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Sébastien Bénard's Top 10 Games of 2018

Dead Cells designer Sébastien Bénard released a hit game AND became a new dad in 2018, but here are the games he still made time for.

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Sébastien Bénard is a developer and game designer at Motion Twin, the French studio behind Dead Cells. You can find him on Twitter @deepnightfr.

So my top 10 list includes some “not so 2018” titles, or even older older stuff. The reason is pretty simple: I’m a new dad, and I didn’t have much time this year to play many new things, except maybe this new Baby Simulator 2018 thing. Anyway, let’s get started!

10. Deadbolt

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Deadbolt is an amazing title that perfectly mixes really smooth and fast stealth gameplay with strategic bits. I’m a huge fan of stealth games, but most of them do share the same issue: make a mistake and you’re screwed. They all basically encourage you to perfect things. Deadbolt is different: for me, it’s all about improvisation & adaptation. Make noise, kill bad guys with shotgun, hide, flee, and get to your target using any possible means. A fresh take on stealth gameplay.

9. Tom Clancy's The Division

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In the category of “I still play this”, Division is like Minecraft or Skyrim to me. It is always installed on my PC, and I like to play from time to time. What I love about this game is the mood: this sort-of post-apo New York City feels incredible, and it’s always a pleasure to explore all the details this game has to offer. Special mention to the lost phones and audio logs which are the best I’ve ever listened to.

8. Legend of Grimrock 2

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I’m a huge fan of Dungeon Master on the Atari ST. Legend of Grimrock 2 is like a modern approach to this very old game, making it a must-play for me. The level design is top-notch, and the riddles are (mostly) perfectly balanced. I was a bit disappointed by the large amount of “external” levels, as I’m more a fan of “dark dungeons".

7. Vaporum

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Another modern take on Dungeon Master. This one is really interesting because you control a single guy, rather than a party of four people. The level design is what makes Vaporum so great. Everything was shaped with great talent and it’s always a pleasure to solve a tough puzzle without any wiki to help. The only major issue I see with the game is the quite poor itemization aspect, as you rarely find anything really interesting, or at least, defining in these deep dungeons.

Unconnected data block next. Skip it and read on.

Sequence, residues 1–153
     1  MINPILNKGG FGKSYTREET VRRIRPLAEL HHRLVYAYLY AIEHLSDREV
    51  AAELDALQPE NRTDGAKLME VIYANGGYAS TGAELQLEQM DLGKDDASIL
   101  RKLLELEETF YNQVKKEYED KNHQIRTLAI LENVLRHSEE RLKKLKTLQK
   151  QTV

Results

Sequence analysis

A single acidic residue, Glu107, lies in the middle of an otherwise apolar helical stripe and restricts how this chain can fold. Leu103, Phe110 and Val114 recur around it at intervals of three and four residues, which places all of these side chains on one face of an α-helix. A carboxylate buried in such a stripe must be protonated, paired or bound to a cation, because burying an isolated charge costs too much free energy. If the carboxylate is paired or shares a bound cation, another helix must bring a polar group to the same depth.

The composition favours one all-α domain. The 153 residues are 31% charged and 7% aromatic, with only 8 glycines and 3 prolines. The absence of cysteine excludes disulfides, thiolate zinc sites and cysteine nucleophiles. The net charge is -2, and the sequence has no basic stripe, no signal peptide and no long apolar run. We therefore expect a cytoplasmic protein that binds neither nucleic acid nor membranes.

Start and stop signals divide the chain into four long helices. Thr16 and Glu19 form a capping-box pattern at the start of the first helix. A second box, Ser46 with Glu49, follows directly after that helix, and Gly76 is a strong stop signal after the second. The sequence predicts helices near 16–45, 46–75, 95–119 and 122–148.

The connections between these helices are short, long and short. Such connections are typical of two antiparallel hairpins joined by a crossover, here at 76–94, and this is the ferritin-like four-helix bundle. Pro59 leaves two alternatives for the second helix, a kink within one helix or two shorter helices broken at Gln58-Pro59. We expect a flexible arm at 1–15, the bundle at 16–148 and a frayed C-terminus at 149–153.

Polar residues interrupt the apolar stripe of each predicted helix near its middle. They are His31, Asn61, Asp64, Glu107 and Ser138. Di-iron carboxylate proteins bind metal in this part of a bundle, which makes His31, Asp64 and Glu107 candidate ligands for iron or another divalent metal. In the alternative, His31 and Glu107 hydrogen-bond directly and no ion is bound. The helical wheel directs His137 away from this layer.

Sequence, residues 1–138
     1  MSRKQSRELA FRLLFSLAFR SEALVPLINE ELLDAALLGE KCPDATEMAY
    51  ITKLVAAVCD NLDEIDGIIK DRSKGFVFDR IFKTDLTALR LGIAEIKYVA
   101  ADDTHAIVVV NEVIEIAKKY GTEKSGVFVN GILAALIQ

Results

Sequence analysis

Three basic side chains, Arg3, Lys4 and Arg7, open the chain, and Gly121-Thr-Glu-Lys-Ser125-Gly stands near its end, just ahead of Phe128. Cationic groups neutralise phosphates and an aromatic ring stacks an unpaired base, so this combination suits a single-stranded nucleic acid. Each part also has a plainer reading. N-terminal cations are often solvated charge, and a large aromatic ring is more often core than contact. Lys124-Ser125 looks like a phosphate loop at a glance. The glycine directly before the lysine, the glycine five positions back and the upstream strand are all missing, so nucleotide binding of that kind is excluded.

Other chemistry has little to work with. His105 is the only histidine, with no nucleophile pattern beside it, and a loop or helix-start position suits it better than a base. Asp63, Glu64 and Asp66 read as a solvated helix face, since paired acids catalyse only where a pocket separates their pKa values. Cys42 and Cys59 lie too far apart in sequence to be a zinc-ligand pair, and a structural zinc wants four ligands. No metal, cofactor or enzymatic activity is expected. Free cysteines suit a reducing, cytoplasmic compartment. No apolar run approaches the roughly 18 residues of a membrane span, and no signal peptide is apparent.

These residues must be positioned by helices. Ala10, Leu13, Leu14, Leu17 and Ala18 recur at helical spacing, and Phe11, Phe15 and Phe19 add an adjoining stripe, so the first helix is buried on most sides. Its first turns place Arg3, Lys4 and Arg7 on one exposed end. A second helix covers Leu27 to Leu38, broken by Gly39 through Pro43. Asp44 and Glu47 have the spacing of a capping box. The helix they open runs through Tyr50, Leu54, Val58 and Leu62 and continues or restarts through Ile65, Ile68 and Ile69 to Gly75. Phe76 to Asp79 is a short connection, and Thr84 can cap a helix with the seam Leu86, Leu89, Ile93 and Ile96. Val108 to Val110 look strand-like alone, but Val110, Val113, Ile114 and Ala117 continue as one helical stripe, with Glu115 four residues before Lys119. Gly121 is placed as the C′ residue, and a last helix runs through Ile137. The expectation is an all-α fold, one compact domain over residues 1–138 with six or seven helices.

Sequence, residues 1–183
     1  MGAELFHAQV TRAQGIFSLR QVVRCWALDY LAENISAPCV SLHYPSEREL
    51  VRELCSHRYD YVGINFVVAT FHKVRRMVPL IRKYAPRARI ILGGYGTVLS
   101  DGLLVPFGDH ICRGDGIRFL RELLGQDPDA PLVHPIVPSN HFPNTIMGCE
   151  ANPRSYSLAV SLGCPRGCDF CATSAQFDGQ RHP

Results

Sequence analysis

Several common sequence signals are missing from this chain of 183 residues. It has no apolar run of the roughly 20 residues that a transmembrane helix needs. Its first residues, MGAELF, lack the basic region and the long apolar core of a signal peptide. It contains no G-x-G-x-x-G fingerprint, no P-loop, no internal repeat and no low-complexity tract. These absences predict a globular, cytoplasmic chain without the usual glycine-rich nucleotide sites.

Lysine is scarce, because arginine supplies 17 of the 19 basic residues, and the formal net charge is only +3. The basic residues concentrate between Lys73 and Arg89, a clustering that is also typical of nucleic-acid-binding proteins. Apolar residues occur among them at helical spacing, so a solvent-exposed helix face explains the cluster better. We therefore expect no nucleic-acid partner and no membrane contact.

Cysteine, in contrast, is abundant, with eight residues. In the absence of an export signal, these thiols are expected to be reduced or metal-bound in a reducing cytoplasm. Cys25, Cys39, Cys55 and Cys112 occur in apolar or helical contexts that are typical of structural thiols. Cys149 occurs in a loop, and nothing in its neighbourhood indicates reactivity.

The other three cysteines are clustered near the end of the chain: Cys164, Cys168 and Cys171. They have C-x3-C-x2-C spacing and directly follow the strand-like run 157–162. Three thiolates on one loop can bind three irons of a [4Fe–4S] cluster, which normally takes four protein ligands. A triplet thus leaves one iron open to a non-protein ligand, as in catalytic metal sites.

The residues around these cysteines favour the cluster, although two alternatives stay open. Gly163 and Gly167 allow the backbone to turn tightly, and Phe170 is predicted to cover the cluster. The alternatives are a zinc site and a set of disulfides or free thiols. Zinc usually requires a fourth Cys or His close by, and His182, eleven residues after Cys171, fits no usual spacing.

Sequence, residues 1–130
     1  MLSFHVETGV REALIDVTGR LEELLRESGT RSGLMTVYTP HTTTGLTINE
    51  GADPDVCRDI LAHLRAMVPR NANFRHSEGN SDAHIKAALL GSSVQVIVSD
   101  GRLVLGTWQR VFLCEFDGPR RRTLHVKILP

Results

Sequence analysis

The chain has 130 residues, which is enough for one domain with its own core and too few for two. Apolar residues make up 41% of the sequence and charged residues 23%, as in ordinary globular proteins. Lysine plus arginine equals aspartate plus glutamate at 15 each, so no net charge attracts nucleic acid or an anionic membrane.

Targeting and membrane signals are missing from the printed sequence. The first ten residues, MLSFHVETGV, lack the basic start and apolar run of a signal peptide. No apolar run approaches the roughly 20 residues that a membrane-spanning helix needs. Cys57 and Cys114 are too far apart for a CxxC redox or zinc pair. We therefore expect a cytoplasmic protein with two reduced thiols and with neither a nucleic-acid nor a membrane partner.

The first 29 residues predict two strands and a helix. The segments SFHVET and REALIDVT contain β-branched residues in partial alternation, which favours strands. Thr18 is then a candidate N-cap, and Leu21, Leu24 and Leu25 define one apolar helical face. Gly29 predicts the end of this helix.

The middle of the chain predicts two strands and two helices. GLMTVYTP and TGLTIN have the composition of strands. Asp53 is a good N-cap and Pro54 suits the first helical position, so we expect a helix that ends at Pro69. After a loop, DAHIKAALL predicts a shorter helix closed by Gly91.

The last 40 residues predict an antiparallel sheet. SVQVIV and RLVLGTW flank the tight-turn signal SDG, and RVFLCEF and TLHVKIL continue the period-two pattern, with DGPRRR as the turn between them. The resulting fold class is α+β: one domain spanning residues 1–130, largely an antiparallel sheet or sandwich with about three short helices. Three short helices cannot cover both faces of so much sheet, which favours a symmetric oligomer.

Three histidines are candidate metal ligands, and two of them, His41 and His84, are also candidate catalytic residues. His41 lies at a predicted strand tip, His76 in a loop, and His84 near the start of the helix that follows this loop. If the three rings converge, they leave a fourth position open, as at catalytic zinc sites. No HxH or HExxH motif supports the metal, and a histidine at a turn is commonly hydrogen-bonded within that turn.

6. Distance

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Great soundtrack with intense racing gameplay that will require you to leave control to your brain stem. I’m usually not into racing games, but this one is an exception (along with Rollcage), because it’s… different. It feels more like Tron on cocaine with some crazy DJ mixing in the background. Even if its campaign is short, it’s still one of the most intense things I've played recently.

5. DOOM (2016)

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This is the Doom we’d all been waiting for. We all imagine how hard it was to come with a new Doom that would live up to its ancestors, but these guys did it. And they did it in an incredibly intense and satisfying fashion. Along with Shadow Warrior (2013), it now stands in my personal “best modern FPS” category.

4. Return of the Obra Dinn

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Return of the Obra Dinn is basically an open world investigation game. You only have some clues, a book, and your brain to solve 60 cases. The controls are sometimes great and sometime terrible, making this game an unnecessarily hard to play title. But the satisfaction you’ll get from solving every single mystery is amazing, so...

3. Beat Saber

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If you have a VR headset, Beat Saber is a game you simply must possess. Period. Along with Superhot and Elite: Dangerous, it’s one of those rare games that actually understands what VR games should be all about: slashing cubes with fucking lightsabers in rhythm with heavy beats. Not a deep experience, but definitely one that deserves to be played, and for me, the first game I show when I introduce people to VR.

2. Legend of Grimrock 1 (Dungeon Master mod)

Did I mention I loved Dungeon Master? So, when someone announced he remade the whole game using LoG1 engine, I was like, OK, who should I kill to play that?

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Source: https://steamcommunity.com/sharedfiles/filedetails/?id=104308534

When I first played Dungeon Master (probably by the age of 8), I didn’t understand anything and couldn’t get past the 3rd floor. But I didn’t care, I already had tons of fun drawing maps on paper, killing mummies, looking for water. It was already legendary to me. Playing it now, I was able to beat it for the first time after 30 years, and the nostalgic feeling was incredible. Little 8-year-old me would be super proud.

1. Subnautica

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Without doubt, my most beloved title in years. Subnautica has it all: survival with narrative in deep waters. Every single discovery in Subnautica feels great. The first time you meet a Reefback is a terrifying moment, and that’s what make the game so amazing: the sense of fear and fascination you get from swimming above dark deep waters is crazy. The gameplay has its flaws and would benefit from some polish, but that really is a minor issue compared to everything else. I can’t wait to see what’s coming next in the Below Zero expansion.